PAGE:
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Escape from Junk

Escape from Junk

How to solve the most common reason that your email marketing is in trouble. 

Your newsletter is in Junk? Don’t panic. You’re not the first and you certainly won’t be the last. Let me reassure you that it can be fixed.  

Let me also reassure you that it is rarely universal. It may be happening in Outlook or in Gmail or both. It may be just limited to a specific organisation with robust cybersecurity who just - sod’s law - happen to be one of your most important clients. 

For the purposes of keeping this article under a million words, I will assume that we know what the problem is and that you have access to amazing deliverability tools and advice like we provide at e-shot. It is very important to diagnose the problem before providing a prescription and also to be specific – saying all of your emails are going to Junk is unlikely to be technically accurate.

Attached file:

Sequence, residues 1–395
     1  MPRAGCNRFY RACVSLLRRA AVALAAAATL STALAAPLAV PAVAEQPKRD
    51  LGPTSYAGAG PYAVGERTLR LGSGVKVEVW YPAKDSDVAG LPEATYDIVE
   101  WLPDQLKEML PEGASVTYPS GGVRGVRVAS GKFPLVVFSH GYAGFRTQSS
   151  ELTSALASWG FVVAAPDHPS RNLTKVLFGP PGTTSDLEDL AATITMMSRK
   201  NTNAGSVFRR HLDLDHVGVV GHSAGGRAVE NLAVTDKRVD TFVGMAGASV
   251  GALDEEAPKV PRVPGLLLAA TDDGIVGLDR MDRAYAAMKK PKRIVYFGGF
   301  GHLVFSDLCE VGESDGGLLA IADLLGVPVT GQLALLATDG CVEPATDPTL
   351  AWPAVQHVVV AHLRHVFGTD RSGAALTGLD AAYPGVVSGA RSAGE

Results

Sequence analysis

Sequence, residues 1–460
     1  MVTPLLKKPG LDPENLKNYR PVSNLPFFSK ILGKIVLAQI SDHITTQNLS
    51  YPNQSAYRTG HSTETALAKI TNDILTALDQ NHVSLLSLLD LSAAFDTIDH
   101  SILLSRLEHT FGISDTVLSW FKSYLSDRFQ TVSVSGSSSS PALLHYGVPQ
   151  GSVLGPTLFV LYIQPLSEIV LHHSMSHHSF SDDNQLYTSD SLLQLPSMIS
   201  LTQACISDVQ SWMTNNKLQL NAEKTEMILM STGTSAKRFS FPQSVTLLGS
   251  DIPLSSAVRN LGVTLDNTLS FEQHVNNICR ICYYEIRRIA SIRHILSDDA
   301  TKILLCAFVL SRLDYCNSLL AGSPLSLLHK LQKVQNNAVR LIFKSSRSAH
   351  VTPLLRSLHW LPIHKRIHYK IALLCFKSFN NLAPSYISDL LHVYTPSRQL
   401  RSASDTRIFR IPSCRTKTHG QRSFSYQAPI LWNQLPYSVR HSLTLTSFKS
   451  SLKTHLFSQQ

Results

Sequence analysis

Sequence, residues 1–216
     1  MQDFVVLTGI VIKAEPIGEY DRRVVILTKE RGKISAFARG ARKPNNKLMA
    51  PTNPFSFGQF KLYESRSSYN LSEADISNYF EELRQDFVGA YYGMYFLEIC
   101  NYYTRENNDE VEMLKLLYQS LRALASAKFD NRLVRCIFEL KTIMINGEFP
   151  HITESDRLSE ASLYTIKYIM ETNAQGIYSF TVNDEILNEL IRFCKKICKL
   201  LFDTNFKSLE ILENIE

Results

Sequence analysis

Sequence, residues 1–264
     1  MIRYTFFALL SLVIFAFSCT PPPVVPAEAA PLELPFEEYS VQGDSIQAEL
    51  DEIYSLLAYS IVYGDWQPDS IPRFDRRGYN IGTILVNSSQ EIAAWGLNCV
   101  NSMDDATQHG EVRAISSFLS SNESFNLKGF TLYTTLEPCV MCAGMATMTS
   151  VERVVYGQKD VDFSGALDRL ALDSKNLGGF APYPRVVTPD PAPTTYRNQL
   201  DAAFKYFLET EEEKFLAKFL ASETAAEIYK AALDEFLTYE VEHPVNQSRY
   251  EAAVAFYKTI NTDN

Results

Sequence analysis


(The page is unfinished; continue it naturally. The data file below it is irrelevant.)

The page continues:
Today, we will look at the prescription for one of the most common causes of poor inbox placement – poor reputation caused by poor list hygiene.  

By list hygiene, we mean the practices involved in ensuring you only send emails to those who are interested in your emails. This is the most prolific reason for emails going to junk at present and the steps set out below will help to address it. 

Identify who is likely in Junk 

Over time, the accuracy of your database degrades as contacts no longer have an interest in your communications or no longer use the email account that you send to. The latter is more prevalent in B2B email marketing, but can also affect B2C emails. 

Each ISP has their own rules on engagement, but most ISP algorithms will start moving emails to Junk for contacts who are ignoring your emails.  

It is a vicious cycle as emails that are delivered to the Junk or Spam folder hurt your sender reputation. The worse your reputation becomes, then more emails are moved to junk automatically.